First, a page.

As a pet parent, you work hard to give your pet the best life you can. We feel you. That was definitely the case for our founder Clayton, and his rescue labradoodle, Lou.
Every morning, Lou woke up and bounded around with endless energy, ready to take on the world. Clayton wasn’t happy to just offer trips to the park and snuggles on the couch. He also wanted to give Lou the best food. So he did his research and chose a well-known, premium brand of kibble.
Fast forward: Clayton and Lou are at the vet’s office, learning that Lou is showing the signs of dilated cardiomyopathy (DCM), or canine heart disease. Ultimately, Clayton lost Lou too soon. And learned some important information too late.
Shortly after in 2019, the FDA released a report linking DCM with several well-known pet food brands. Clayton decided to turn his heartbreak from losing Lou into an effort to prevent that loss for other dog owners. Beyond creating King Lou to offer heart-healthy, human-grade treat options, we also want to increase awareness about DCM, and the link to diet and nutrition.
When a dog (or a human) gets diagnosed with dilated cardiomyopathy, it means their heart can’t pump blood as easily or well as it should. In DCM, it happens because the heart muscle becomes thinner in certain areas (usually, the left ventricle). Because the muscle wall is thinner, the pressure from the blood inside the heart can stretch it out. This makes the heart larger and makes pumping blood harder, ultimately leading to the DCM diagnosis.
DCM is most common in large and medium-sized dogs, and male dogs develop it more often than female dogs.
One of the biggest problems with DCM is that it isn’t obvious right away. The changes in the heart occur slowly over time. Regular checkups with your vet give you the best way to catch DCM early, when it’s easiest to treat.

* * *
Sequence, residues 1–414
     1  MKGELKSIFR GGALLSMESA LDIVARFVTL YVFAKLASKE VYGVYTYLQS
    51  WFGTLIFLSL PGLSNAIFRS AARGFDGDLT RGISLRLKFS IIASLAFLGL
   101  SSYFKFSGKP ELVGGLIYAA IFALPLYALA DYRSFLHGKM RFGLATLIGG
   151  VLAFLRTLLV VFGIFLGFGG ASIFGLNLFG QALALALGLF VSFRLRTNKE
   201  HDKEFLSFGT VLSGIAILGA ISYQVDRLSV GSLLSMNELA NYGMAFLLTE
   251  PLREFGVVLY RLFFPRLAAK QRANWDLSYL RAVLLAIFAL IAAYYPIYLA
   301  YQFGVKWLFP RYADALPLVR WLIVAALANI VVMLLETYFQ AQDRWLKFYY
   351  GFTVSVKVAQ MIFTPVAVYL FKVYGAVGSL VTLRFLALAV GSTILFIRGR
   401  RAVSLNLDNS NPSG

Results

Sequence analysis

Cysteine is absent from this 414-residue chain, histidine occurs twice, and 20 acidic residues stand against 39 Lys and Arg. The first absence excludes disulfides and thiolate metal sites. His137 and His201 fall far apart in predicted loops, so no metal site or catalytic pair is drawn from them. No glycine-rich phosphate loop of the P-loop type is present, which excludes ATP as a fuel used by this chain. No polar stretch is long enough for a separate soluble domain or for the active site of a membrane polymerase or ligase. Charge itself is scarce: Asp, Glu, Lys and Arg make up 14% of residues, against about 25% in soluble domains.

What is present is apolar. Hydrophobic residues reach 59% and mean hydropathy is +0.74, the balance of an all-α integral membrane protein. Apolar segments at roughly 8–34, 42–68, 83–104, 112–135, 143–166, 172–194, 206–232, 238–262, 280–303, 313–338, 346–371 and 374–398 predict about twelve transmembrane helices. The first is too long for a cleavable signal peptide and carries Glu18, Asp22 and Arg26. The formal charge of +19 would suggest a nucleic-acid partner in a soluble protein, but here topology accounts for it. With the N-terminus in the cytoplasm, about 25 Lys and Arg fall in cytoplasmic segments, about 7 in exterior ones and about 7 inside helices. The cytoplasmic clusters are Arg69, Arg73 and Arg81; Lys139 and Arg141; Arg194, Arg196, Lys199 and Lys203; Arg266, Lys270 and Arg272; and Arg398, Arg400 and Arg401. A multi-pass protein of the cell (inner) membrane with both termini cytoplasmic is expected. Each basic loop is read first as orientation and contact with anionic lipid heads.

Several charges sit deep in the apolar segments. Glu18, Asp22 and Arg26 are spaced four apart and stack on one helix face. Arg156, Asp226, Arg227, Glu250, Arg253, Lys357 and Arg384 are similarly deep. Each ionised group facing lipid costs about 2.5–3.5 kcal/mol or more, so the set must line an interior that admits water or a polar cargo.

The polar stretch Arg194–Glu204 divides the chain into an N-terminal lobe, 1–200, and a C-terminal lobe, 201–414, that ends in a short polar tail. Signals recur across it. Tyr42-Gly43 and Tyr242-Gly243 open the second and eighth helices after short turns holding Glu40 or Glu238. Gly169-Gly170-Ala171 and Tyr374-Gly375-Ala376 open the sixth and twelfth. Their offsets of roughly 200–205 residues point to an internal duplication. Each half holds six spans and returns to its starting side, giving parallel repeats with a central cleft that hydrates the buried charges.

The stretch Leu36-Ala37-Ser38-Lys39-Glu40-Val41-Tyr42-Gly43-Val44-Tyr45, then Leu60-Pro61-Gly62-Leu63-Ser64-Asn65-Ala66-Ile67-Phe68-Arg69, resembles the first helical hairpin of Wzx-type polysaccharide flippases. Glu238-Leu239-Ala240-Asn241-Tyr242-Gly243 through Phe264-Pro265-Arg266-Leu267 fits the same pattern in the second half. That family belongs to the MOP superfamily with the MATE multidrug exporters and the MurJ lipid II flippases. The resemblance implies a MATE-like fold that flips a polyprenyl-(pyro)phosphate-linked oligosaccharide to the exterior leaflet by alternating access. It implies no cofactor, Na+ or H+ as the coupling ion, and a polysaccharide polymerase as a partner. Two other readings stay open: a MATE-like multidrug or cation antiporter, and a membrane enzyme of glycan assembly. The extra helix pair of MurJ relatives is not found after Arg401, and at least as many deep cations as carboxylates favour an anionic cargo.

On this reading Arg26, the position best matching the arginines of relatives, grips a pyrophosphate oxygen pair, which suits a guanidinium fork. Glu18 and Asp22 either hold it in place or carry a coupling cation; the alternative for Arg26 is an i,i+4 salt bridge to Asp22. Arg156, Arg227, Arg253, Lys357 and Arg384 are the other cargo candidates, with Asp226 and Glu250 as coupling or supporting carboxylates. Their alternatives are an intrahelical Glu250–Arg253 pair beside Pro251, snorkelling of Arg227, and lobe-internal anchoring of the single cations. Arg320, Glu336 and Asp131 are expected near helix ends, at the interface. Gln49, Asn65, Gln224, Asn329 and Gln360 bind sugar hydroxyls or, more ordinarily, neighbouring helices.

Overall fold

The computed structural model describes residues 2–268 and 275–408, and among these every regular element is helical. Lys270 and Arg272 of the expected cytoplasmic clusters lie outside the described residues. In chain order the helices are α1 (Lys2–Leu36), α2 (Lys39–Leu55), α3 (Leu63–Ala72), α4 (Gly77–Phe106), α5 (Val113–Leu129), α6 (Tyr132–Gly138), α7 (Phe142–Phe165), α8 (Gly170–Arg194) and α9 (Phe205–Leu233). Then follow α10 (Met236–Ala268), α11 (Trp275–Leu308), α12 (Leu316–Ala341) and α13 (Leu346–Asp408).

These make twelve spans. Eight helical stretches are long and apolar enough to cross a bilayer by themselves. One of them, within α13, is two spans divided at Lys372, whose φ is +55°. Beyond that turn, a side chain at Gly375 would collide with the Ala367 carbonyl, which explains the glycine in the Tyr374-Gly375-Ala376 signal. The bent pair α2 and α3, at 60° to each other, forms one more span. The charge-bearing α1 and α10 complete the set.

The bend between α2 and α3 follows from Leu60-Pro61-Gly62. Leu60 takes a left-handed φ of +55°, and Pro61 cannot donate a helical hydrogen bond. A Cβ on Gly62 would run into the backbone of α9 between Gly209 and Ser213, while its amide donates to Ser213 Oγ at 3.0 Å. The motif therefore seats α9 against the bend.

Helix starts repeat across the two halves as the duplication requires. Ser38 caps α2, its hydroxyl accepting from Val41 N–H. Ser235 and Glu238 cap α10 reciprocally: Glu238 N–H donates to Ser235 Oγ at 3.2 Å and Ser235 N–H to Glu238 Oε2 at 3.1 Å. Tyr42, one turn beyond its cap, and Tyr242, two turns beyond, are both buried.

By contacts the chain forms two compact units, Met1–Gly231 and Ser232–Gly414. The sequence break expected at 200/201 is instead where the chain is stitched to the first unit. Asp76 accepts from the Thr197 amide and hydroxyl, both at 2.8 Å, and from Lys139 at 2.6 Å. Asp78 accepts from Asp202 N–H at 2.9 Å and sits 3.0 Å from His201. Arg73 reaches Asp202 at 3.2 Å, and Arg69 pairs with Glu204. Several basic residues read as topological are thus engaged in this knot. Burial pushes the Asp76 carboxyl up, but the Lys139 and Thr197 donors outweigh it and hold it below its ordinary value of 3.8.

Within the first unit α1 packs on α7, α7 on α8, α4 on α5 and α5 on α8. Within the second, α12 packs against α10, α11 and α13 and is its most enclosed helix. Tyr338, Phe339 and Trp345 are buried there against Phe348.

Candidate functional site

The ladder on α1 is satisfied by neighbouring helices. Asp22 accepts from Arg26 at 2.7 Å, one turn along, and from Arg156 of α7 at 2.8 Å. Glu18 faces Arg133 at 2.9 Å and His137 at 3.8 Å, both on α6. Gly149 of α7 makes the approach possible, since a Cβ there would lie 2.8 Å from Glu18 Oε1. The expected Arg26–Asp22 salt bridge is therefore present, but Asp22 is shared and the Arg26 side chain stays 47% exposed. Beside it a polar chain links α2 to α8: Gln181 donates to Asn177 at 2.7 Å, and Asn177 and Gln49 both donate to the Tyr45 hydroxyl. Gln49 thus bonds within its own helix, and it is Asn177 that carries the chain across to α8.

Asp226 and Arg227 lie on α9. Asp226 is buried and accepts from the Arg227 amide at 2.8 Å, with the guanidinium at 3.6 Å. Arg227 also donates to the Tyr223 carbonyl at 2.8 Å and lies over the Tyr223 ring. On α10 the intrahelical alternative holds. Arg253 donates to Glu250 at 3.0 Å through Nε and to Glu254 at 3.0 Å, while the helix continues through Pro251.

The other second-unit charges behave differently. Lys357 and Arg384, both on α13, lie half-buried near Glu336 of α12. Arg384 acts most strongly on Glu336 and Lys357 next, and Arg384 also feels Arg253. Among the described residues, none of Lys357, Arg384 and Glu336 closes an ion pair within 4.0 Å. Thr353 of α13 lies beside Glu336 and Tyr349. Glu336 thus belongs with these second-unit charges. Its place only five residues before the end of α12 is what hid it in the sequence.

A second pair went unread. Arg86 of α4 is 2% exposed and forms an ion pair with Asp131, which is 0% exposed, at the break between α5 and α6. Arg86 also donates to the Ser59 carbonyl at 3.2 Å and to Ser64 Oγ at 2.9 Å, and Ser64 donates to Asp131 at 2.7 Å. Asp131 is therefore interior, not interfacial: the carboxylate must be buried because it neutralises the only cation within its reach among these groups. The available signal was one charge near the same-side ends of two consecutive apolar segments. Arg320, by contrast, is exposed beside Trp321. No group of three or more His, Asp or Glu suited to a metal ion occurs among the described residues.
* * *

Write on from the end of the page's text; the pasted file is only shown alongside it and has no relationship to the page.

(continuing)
The symptoms of DCM
Beyond regular visits to your vet, you can watch for the signs of DCM at home. If you notice any of these symptoms, make an appointment to get your pup’s heart checked:
- Decreased appetite
- Weight loss
- Trouble breathing
- Rapid breathing when they’re asleep or laying around
- Lots of moving around and changing positions during sleep
- A distended stomach
A generally depressed attitude can also indicate DCM. Basically, if your dog seems like they’re getting tired faster, having breathing problems, or otherwise acting oddly, it probably makes sense to schedule a vet appointment.
The earlier you catch DCM, the better chance your dog has of making it through.
Canine heart disease and diet
Here’s the thing about DCM: it doesn’t develop totally by chance. Yes, some breeds have a disposition to this condition. But extensive research increasingly points to a connection between what your dog eats and their heart health.
It makes sense, right? We know our diets impact our hearts. And it’s the same for our dogs.
The disappointing news is that big pet food brands fill their foods with cheap, low-quality ingredients. And that has health impacts for the dogs that eat these brands.
The FDA continues to look into the link between major pet food brands and DCM, and the American Kennel Club’s Canine Health Foundation is conducting its own study on the subject. What do we know now? Some specific brands have been connected to more cases of DCM, and grain-free and pea and/or lentil-based food seems to be the most problematic. Studies have also connected DCM with the low taurine levels found in many of the most popular brands (fortunately, our Beef Heart treats contain plenty of naturally occurring taurine to help make up for this issue).
We’ll learn more as these studies wrap up. In the meantime, though, you probably don’t want to just wait and cross your fingers.
Your pet deserves better. Look for options with high-quality, whole food ingredients — like our King Lou Super Treats — to give your pooch the essential nutrients they need to thrive.